What are your thoughts about all of this? Where do you see the future of Facebook heading? If you’re a member of the site, I recommend that you fix your privacy settings and make them as secure as you wish them to be. Likewise, you can always choose to delete your account as many others have already done.

How to Protect Your Privacy Online

Everyone is talking about privacy these days, and no one is happy with the state of things… especially when it comes to Facebook. I told you yesterday on Twitter: There are only two steps you need to follow in order to protect your privacy.

  • Step 2 – See Step 1.

It really is that simple, folks. If you don’t want everyone, their brother and their mother to know something about you, why the hell are you posting it online to begin with? How many of the people who are screaming about having their privacy invaded are the ones who don’t want their bosses (or significant others) to see the pictures from their drunken night in Cancun? If you have secrets you don’t want the rest of civilization to discover, then you should keep that junk to yourself.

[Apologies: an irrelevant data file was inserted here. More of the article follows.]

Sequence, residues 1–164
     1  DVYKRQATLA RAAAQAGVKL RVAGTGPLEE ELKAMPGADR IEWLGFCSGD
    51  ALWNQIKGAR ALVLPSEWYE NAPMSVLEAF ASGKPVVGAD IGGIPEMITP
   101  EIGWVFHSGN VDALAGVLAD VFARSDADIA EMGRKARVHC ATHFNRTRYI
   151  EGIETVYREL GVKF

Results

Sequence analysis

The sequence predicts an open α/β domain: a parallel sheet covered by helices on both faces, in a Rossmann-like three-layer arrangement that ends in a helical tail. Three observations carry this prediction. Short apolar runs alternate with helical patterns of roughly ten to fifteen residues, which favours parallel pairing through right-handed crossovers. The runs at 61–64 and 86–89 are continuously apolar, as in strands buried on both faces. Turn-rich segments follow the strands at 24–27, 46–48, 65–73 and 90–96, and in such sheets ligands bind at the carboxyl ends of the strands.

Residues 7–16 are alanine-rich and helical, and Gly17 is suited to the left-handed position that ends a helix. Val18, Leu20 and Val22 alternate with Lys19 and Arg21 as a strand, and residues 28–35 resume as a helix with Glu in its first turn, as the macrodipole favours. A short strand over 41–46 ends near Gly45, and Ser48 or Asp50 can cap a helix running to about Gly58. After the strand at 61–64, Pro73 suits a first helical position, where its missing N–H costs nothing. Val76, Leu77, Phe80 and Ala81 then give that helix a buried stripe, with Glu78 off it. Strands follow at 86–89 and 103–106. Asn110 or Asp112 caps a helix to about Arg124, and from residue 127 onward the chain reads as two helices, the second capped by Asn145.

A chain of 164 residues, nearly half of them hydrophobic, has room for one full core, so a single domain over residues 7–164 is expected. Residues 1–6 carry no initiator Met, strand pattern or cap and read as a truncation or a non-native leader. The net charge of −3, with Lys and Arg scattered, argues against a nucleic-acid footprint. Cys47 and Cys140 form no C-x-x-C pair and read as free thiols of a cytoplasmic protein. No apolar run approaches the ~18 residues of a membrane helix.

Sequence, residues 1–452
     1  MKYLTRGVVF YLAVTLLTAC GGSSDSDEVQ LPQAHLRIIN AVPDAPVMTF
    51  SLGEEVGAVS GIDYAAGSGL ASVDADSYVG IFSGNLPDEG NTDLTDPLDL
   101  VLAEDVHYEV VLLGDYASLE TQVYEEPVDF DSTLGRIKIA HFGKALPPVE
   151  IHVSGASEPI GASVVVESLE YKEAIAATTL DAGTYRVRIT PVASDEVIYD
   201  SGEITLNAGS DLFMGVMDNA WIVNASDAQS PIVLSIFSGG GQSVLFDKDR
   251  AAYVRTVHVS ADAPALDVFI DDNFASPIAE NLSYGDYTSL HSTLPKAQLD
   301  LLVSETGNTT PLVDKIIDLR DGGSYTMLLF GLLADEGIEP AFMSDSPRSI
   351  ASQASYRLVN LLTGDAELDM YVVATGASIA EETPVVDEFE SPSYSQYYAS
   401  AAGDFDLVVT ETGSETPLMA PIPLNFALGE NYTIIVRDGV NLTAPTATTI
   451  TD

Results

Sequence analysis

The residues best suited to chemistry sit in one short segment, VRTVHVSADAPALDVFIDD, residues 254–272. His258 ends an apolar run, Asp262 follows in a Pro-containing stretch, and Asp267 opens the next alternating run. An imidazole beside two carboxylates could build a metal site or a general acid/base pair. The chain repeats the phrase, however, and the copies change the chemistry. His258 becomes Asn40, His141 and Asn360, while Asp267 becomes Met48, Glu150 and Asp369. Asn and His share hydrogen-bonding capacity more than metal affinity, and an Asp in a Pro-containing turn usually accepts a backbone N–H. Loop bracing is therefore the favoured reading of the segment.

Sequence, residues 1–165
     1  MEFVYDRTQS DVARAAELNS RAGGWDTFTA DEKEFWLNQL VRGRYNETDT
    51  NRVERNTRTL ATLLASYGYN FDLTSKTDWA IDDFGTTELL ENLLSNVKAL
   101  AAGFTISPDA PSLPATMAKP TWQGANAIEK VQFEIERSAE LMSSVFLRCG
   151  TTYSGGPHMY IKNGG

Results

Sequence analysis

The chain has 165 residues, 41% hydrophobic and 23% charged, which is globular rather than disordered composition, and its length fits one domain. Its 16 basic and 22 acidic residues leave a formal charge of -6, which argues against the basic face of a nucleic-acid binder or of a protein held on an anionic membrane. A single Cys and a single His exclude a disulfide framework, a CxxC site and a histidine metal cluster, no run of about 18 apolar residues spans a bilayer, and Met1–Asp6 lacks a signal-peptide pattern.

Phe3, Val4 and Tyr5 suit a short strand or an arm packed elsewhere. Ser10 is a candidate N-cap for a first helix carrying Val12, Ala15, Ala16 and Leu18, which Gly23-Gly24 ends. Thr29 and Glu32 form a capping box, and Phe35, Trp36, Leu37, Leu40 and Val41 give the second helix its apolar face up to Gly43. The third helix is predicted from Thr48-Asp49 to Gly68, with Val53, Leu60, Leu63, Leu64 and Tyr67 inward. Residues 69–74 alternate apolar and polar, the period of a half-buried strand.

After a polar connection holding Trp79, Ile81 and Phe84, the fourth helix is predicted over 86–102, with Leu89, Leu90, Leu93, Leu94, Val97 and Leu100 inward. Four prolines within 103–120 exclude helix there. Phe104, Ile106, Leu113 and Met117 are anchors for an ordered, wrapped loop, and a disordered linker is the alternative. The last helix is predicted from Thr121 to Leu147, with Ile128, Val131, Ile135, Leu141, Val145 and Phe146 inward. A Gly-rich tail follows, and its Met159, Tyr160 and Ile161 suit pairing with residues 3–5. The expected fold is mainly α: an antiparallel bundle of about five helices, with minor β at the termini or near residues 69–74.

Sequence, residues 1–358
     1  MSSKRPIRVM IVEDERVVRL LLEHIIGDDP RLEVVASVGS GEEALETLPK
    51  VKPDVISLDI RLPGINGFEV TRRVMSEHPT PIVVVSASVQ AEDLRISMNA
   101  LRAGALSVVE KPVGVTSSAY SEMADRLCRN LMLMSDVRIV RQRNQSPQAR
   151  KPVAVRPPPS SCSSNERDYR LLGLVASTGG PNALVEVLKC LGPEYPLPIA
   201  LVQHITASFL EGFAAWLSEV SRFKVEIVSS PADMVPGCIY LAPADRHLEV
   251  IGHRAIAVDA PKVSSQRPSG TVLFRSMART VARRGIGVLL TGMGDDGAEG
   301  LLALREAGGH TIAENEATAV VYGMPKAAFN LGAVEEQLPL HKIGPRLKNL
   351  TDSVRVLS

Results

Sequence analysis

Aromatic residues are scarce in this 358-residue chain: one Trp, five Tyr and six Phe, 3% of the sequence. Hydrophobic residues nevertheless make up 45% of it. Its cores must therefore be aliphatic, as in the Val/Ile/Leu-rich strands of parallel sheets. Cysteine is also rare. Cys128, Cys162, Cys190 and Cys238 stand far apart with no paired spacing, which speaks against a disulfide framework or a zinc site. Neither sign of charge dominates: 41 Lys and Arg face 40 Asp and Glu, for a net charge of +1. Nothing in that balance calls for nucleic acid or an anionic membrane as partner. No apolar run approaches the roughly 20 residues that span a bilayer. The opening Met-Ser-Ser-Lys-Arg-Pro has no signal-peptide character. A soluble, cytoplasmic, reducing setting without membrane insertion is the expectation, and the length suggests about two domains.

How often have you said something on Twitter or Facebook, only to regret it later? Perhaps your boss read your rant about work last week. Or maybe your mom stumbled across something you flippantly tweeted regarding the upcoming family reunion. Whatever the case may be, I have to repeat this again: If you don’t want everyone to know something, then sit down and close your pie hole. That may sound harsh, but apparently harsh is what it takes to get through to some people. There is no undo button on the Internet.

It was interesting to read some of the feedback on my FriendFeed page about this:

In other words, trust no company, trust no person. – Akiva Moskovitz